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Old 01-22-2013, 09:57 PM   #161
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1973 23' Safari
1977 23' Safari
2014 25' Flying Cloud
Palmer Lake , Colorado
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Originally Posted by NevadaGeo View Post
Hey Zep, has anyone tried to use heat and cold to help shape a panel? ...
I've heard of people using ice (or even dry ice) to pull out dents, but you need to do it fairly soon after the dent is created. Otherwise, the metal slowly stretches to relieve the stress of the dent and it can't be treated with ice.

Heat is more problematic in thin aluminum sheet. I'm no expert, but it would be easy to overheat the aluminum. I think you can overheat using a heat gun, if you're not careful. But if you do it successfully, it makes rolling out a panel much easier.

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Old 01-23-2013, 12:31 PM   #162
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1976 27' Overlander
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Well, it got up to 40 today, and sunny, so I ran out of excuses. The good news is, this first axle practically moved itself. Once I got it balanced on the floor jack (it only fell of a couple times), it was surprisingly easy to move by rolling the jack on the plywood (I can hardly pick these suckers up, so under the trailer there is no hope unless it can move on the jack....

...So far, it's not too bad as a solo exercise. I am surprised. The slots in the flanges don't line up with the existing holes in the fish plate, so I'll deal with that tomorrow.

Zep
Zep, your two posts (#154 & 155) have got to be a new record for a concise report on replacing axles, especially given the time between start to finish...
But, since I am doing the research on this (including your Overlander and disc-brake threads, and others, so I can do mine this spring) did you end up with the Dexters (?) as they came from the factory? And, was the axle rated-weight in the range you were considering earlier? Up here in Griz Nation options are few, but we do have a local Dexter dealer and I can get their "free" shipping. Lastly, it seems you did this set on your own, maybe even by yourself. Any lessons learned? Thanks - you do great work.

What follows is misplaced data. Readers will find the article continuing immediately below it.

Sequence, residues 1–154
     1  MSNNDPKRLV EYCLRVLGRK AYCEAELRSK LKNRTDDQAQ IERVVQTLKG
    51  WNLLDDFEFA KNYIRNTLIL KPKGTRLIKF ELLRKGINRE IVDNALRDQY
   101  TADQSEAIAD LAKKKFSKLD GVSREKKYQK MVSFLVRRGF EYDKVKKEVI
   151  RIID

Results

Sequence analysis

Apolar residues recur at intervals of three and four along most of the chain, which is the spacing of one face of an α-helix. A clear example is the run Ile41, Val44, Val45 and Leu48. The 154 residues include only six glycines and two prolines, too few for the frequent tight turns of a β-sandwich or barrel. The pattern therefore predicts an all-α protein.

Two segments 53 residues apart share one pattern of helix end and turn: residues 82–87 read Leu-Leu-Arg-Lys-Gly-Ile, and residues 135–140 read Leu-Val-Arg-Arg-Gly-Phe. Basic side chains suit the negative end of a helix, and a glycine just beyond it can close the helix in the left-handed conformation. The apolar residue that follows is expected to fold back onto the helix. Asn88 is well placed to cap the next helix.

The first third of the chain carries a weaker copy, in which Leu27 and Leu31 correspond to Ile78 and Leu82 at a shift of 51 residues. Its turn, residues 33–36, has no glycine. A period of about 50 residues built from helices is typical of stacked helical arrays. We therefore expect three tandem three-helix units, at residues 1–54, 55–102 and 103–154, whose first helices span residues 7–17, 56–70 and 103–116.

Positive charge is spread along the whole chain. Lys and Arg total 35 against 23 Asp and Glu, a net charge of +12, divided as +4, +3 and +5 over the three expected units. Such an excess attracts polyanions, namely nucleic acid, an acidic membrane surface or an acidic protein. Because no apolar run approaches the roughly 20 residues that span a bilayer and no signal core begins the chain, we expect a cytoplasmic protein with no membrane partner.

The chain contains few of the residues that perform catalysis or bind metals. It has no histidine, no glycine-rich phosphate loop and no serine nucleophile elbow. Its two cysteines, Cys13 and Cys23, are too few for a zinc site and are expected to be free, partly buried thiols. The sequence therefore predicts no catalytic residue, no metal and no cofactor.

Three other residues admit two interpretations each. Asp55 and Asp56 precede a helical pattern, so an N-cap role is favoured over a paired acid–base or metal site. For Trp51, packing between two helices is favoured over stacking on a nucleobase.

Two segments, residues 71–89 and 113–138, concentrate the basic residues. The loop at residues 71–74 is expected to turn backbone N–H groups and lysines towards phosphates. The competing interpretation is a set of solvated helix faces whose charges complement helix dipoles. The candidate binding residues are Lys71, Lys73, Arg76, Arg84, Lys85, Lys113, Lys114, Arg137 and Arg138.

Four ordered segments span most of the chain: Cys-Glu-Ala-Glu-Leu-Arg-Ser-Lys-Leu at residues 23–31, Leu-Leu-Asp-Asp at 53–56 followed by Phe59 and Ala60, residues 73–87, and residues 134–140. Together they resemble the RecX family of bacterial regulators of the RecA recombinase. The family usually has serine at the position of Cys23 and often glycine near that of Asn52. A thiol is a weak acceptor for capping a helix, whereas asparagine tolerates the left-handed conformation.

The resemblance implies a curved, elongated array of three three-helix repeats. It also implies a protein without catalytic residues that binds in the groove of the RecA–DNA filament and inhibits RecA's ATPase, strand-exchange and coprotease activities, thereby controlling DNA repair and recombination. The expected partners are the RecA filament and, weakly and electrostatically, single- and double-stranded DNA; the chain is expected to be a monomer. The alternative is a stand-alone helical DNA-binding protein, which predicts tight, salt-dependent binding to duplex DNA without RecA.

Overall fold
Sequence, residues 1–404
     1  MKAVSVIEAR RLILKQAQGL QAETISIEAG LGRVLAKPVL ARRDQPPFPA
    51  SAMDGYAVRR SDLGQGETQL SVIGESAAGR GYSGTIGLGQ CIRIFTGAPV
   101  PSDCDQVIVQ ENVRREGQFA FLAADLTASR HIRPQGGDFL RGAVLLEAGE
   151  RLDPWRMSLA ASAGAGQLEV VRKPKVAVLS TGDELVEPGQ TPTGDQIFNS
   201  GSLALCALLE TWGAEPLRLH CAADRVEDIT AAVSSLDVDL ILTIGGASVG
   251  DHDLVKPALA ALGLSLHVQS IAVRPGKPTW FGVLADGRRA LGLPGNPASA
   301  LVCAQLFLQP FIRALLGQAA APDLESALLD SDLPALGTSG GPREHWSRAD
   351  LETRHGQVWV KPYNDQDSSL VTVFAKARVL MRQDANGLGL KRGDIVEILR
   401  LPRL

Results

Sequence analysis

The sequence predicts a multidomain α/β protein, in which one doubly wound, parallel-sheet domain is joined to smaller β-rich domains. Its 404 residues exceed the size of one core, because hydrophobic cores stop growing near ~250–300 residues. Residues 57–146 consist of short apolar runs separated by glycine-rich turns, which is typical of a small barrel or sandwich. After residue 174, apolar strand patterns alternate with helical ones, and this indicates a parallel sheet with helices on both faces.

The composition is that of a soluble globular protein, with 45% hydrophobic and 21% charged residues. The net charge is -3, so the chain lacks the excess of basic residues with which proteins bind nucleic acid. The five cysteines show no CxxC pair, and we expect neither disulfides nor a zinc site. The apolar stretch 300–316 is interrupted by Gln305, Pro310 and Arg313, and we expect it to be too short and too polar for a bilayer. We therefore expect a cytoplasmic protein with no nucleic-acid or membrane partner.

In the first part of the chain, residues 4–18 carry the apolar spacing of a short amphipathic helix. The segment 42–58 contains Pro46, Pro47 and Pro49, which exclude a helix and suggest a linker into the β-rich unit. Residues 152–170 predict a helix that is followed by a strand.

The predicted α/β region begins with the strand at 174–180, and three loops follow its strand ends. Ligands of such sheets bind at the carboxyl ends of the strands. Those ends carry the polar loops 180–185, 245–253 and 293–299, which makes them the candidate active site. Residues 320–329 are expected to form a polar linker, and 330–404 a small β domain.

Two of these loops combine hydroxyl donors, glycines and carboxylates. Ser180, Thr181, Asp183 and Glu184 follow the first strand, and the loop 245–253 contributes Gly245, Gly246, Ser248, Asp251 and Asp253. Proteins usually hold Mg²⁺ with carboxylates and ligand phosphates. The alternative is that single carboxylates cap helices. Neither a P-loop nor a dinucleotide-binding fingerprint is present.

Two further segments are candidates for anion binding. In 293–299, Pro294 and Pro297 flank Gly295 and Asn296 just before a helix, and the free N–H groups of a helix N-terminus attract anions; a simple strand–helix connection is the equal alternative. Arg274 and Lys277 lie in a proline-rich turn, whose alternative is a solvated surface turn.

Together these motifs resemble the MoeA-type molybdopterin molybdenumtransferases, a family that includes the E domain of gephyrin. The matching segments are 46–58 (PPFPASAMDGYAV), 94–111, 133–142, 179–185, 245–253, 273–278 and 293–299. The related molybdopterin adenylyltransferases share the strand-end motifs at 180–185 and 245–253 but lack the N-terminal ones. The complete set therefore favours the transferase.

Dave
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Old 01-23-2013, 10:53 PM   #163
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Originally Posted by OilnH2o View Post
...did you end up with the Dexters (?) as they came from the factory? And, was the axle rated-weight in the range you were considering earlier? ... you did this set on your own, maybe even by yourself. Any lessons learned? Thanks - you do great work.
Dave, I only know two sources for these axles, Dexter and Axis. I have Dexters on the Sovereign and Overlander, and I had an Axis on my Caravel. All I can say is, I can't tell the difference between them. They use the same brackets and you have to drill out the fish plate for either of them. I gather that if you order Axis axles from Colin Hyde he gets them with different brackets so there is no drilling required.

I finally ordered 2800 lbs axles. For an Airstream that will never exceed 4600 lbs, that provides 22% margin at the max. You need some margin, something between 20-30%. The more margin, the less chance of bottoming the axle(s), but the harsher ride. Just remember that sometimes you won't have full water or full baggage, so be careful about the light weight days. I figure I'll most often travel around 4300 lbs, so two 2800 axles provide 30% margin, which is as high as I would like to go.

I did put them on single-handed. You can do it if you have a floor jack and two hydraulic jacks. Make sure you have a 5/8" rotobroach drill (my opinion is that a 5/8" twist drill will either break your wrist or wrap you up when it catches, plus the rotobroach is faster and can use a smaller drill motor).

Lesson learned (from memory, so take these for what they're worth):
  1. I didn't pay enough attention when I drilled out the new holes (there's about two inches available). It's not a problem until the next set of axles, twenty years from now. But you need to think out how you're going to put the holes in a repeatable position, relative to each axle bracket.
  2. Be careful about getting the axles perfectly aligned in rotation. I think I pushed up on the swing arms a bit too much and they might be rotated CCW (looking from the street side) about 3 degrees from horizontal.